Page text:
DirectorRon Fricke CinematographyRon Fricke Duration CountryUnited States
WriterConstantine Nicholas, Genevieve Nicholas Release dateSeptember 24, 1993 Initial releaseJuly 16, 1993 (United Kingdom) Similar moviesBruce Almighty, The Mist, Breaking the Waves, Cashback, Faith Connections, Another World
TaglineA world beyond words.
Baraka 1992 trailer hq
Baraka is a 1992 non-narrative documentary film directed by Ron Fricke. The film is often compared to Koyaanisqatsi, the first of the Qatsi films by Godfrey Reggio for which Fricke served as the cinematographer. Baraka is also the first film ever to be restored and scanned at 8K resolution.
Baraka original theatrical trailer hd matchframe re edit
Baraka is a documentary film with no narrative or voice-over. It explores themes via a compilation of natural events, life, human activities and technological phenomena shot in 24 countries on six continents over a 14-month period.
The film is Ron Fricke’s follow-up to Godfrey Reggio’s similar non-verbal documentary film Koyaanisqatsi. Fricke was cinematographer and collaborator on Reggio’s film, and for Baraka he struck out on his own to polish and expand the photographic techniques used on Koyaanisqatsi. Shot in 70mm, it includes a mixture of photographic styles including slow motion and time-lapse. To execute the film’s time-lapse sequences, Fricke had a special camera built that combined time-lapse photography with perfectly controlled movements.
Locations featured include the Church of the Holy Sepulchre in Jerusalem, the Ryoan temple in Kyoto, Lake Natron in Tanzania, burning oil fields in Kuwait, the smouldering precipice of an active volcano, a busy subway terminal, tribal celebrations of the Maasai in Kenya, and chanting monks in the Dip Tse Chok Ling monastery.
The film features a number of long tracking shots through various settings, including Auschwitz and Tuol Sleng, over photos of the people involved, past skulls stacked in a room, to a spread of bones. It suggests a universal cultural perspective: a shot of an elaborate tattoo on a bathing Japanese yakuza precedes a view of tribal paint.
The score by Michael Stearns and featuring music by Dead Can Dance, film starts with famous Georgian Folk singer's Hamlet Gonashvili's voice singing Georgian folksongs, L. Subramaniam, Ciro Hurtado, Inkuyo, Brother and David Hykes, is noticeably different from the minimalist one provided by Philip Glass for Koyaanisqatsi. The film was produced by Mark Magidson, who also produced and directed the film Toward the Within, a live concert performance by Dead Can Dance.
Following previous DVD releases, in 2007 the original 65 mm negative was re-scanned at 8K resolution with equipment designed specifically for Baraka at FotoKem Laboratories. The automated 8K film scanner, operating continuously, took more than three weeks to finish scanning more than 150,000 frames (taking approximately 12–13 seconds to scan each frame), producing over 30 terabytes of image data in total. After a 16-month digital intermediate process, including a 96 kHz/24 bit audio remaster by Stearns for the DTS-HD Master Audio soundtrack of the film, the result was re-released on DVD and Blu-ray Disc in October 2008. At the time, project supervisor Andrew Oran has described this remastered Baraka as "arguably the highest quality DVD that's ever been made". Chicago Sun-Times critic Roger Ebert described the Blu-ray release as "the finest video disc I have ever viewed or ever imagined."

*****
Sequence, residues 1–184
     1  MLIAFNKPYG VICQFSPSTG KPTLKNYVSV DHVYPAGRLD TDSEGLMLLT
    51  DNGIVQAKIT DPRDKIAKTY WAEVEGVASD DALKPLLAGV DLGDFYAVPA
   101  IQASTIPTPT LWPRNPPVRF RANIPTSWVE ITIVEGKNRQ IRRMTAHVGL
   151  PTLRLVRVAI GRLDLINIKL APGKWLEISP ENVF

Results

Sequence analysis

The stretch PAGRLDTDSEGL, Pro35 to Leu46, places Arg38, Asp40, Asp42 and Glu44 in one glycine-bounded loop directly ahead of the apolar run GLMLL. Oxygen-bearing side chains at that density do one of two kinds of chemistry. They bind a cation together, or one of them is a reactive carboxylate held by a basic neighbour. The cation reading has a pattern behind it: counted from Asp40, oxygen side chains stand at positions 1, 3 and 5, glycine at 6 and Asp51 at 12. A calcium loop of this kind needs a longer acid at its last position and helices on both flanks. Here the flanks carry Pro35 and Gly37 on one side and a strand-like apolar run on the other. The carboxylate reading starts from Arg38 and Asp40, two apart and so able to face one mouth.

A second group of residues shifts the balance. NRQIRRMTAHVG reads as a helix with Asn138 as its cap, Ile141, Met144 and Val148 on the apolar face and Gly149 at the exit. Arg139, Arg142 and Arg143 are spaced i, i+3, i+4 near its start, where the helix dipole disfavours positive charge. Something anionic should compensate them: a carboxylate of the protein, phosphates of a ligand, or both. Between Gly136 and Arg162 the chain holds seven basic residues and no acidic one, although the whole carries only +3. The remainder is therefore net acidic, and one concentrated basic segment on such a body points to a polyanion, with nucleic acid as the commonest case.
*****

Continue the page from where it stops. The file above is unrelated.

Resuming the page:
A sequel to Baraka, Samsara, made by the same filmmakers, premiered at the 2011 Toronto International Film Festival and released internationally in August 2012. Also shot in 70mm, Samsara explores an arguably darker, updated version of many of the same themes as Baraka.
Baraka has a score of 80% off Rotten Tomatoes out of 25 reviews. Roger Ebert included the film in his "Great Movies" list, writing that "If man sends another Voyager to the distant stars and it can carry only one film on board, that film might be Baraka."
The movie was filmed at 152 locations in 23 countries. Some locations include: Argentina, Australia, Brazil, Cambodia, China, Ecuador, Egypt, France, India, Indonesia, Iran, Italy, Japan, Israel, Kenya, Kuwait, Nepal, Poland, Saudi Arabia, Tanzania, Thailand, Turkey, United States and Vatican City.
Egypt: Cairo; City of the Dead; Giza pyramid complex; Karnak Temple, Luxor; Ramesseum
Kenya: Lake Magadi; Mara Kichwan Tembo Manyatta; Mara Rianta Manyatta; Masaai Mara
Tanzania: Lake Natron
Arizona: American Express, Phoenix; Canyon de Chelly National Monument, Chinle; Davis-Monthan Air Force Base, Tucson; Peabody coal mine, Black Mesa; Phoenix
California: Big Sur; Los Angeles; Santa Cruz (Chicken Farm Scenes)
Colorado: Mesa Verde National Park
Hawaii: Haleakala National Park, Maui; Kona; Puʻu ʻŌʻō, Hawaii Volcanoes National Park
New York: Empire State Building, Manhattan, New York City; Grand Central Terminal, Manhattan, New York City; Helmsley Building, Manhattan, New York City; McGraw-Hill Building, Manhattan, New York City; World Trade Center, Manhattan, New York City; Green Haven Correctional Facility, Beekman, New York; Stormville, New York
Utah: Arches National Park, Moab; Canyonlands National Park, Moab
Others: Shiprock, New Mexico; White House, Washington, D.C.; South Lake, California
Argentina: Iguazu Falls, Misiones
Brazil: Carajás Animal Reserve, Pará; Iguazu Falls, Paraná; Ipanema, Favela da Rocinha, Rio de Janeiro; Caiapó Village, Pará; Porto Velho, Rondônia; Represa Samuel, Rondônia; Rio Preto, Minas Gerais; São Paulo City, São Paulo
Ecuador: Barrio Mapasingue, Guayaquil; Cementerio Ciudad Blanca; Galapagos Islands; Guayaquil